Ferroptosis is a new type of cell death that was discovered in recent years and is usually accompanied by a large amount of iron accumulation and lipid peroxidation during the cell death process; the occurrence of ferroptosis is iron-dependent. Ferroptosis-inducing factors can directly or indirectly affect glutathione peroxidase through different pathways, resulting in a decrease in antioxidant capacity and accumulation of lipid reactive oxygen species (ROS) in cells, ultimately leading to oxidative cell death. Recent studies have shown that ferroptosis is closely related to the pathophysiological processes of many diseases, such as tumors, nervous system diseases, ischemia-reperfusion injury, kidney injury, and blood diseases. How to intervene in the occurrence and development of related diseases by regulating cell ferroptosis has become a hotspot and focus of etiological research and treatment, but the functional changes and specific molecular mechanisms of ferroptosis still need to be further explored. This paper systematically summarizes the latest progress in ferroptosis research, with a focus on providing references for further understanding of its pathogenesis and for proposing new targets for the treatment of related diseases.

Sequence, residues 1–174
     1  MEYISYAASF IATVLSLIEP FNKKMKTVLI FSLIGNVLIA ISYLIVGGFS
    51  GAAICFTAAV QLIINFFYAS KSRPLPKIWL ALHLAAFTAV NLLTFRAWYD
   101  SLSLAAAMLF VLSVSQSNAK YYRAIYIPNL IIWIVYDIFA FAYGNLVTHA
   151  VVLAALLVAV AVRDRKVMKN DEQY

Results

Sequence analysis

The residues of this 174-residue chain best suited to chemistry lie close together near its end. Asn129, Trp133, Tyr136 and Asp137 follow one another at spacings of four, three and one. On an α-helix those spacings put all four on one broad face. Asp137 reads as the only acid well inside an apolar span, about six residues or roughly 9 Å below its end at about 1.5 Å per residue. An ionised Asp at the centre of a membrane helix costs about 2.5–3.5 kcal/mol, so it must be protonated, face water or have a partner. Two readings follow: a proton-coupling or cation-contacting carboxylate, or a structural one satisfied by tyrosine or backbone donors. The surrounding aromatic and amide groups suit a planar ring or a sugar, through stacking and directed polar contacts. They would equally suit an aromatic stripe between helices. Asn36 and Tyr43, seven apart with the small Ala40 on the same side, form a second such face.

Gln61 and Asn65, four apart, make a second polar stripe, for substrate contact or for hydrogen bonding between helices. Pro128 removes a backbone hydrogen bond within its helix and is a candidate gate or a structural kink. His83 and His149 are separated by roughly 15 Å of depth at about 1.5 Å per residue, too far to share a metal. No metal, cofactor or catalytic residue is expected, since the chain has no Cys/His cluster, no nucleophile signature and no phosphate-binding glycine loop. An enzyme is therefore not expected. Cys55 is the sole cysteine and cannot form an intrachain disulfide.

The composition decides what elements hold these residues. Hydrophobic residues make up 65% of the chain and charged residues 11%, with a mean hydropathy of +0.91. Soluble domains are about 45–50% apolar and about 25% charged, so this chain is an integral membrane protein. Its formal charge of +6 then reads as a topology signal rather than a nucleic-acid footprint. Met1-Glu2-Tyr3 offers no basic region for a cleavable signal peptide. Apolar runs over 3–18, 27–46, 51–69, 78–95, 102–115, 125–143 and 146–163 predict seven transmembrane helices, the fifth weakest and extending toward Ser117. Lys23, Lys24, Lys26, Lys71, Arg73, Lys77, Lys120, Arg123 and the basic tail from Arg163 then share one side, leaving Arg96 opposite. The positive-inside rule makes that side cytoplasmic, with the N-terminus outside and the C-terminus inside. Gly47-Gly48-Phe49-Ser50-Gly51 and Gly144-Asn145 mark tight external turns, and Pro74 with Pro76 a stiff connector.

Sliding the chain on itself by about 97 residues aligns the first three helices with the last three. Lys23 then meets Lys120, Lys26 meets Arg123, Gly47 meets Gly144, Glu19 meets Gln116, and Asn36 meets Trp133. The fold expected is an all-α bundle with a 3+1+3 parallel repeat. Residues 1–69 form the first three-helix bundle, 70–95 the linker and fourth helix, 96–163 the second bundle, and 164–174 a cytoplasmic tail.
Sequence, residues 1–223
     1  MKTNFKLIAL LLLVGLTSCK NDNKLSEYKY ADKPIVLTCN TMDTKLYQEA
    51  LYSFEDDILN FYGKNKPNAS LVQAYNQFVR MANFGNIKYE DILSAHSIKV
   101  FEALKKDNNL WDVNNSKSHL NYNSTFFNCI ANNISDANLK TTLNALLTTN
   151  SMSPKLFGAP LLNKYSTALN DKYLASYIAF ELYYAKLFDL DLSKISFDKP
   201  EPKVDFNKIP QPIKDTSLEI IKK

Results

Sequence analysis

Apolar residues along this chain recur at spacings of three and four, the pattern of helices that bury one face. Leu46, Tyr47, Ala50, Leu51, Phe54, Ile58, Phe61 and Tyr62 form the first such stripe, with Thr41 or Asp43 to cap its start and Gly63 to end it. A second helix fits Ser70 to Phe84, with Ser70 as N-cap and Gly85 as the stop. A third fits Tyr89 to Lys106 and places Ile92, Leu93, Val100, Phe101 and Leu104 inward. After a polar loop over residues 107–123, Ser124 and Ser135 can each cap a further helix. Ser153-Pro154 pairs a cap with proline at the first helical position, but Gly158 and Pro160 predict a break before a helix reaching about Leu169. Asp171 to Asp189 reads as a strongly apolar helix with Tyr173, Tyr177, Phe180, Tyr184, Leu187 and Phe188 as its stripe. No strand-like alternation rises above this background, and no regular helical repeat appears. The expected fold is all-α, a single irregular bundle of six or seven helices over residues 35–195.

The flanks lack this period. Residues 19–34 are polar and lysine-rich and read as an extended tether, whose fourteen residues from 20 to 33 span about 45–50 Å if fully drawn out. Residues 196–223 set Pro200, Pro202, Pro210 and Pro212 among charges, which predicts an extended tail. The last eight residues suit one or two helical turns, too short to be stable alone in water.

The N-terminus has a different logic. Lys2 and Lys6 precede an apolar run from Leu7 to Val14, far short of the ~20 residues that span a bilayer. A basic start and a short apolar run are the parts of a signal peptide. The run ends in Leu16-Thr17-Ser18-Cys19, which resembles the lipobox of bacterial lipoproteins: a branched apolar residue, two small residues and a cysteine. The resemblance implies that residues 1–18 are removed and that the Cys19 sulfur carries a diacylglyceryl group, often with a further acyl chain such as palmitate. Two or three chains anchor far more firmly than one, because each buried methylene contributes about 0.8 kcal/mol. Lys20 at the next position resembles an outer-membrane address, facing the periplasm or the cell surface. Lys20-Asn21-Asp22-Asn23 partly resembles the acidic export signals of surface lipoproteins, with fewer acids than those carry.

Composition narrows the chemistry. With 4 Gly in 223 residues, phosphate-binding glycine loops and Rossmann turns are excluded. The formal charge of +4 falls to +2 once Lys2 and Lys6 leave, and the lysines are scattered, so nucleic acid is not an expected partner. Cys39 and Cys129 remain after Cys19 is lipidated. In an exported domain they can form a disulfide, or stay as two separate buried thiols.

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              Ferroptosis as a p53-mediated activity during tumour suppression.

              Although p53-mediated cell-cycle arrest, senescence and apoptosis serve as critical barriers to cancer development, emerging evidence suggests that the metabolic activities of p53 are also important. Here we show that p53 inhibits cystine uptake and sensitizes cells to ferroptosis, a non-apoptotic form of cell death, by repressing expression of SLC7A11, a key component of the cystine/glutamate antiporter. Notably, p53(3KR), an acetylation-defective mutant that fails to induce cell-cycle arrest, senescence and apoptosis, fully retains the ability to regulate SLC7A11 expression and induce ferroptosis upon reactive oxygen species (ROS)-induced stress. Analysis of mutant mice shows that these non-canonical p53 activities contribute to embryonic development and the lethality associated with loss of Mdm2. Moreover, SLC7A11 is highly expressed in human tumours, and its overexpression inhibits ROS-induced ferroptosis and abrogates p53(3KR)-mediated tumour growth suppression in xenograft models. Our findings uncover a new mode of tumour suppression based on p53 regulation of cystine metabolism, ROS responses and ferroptosis.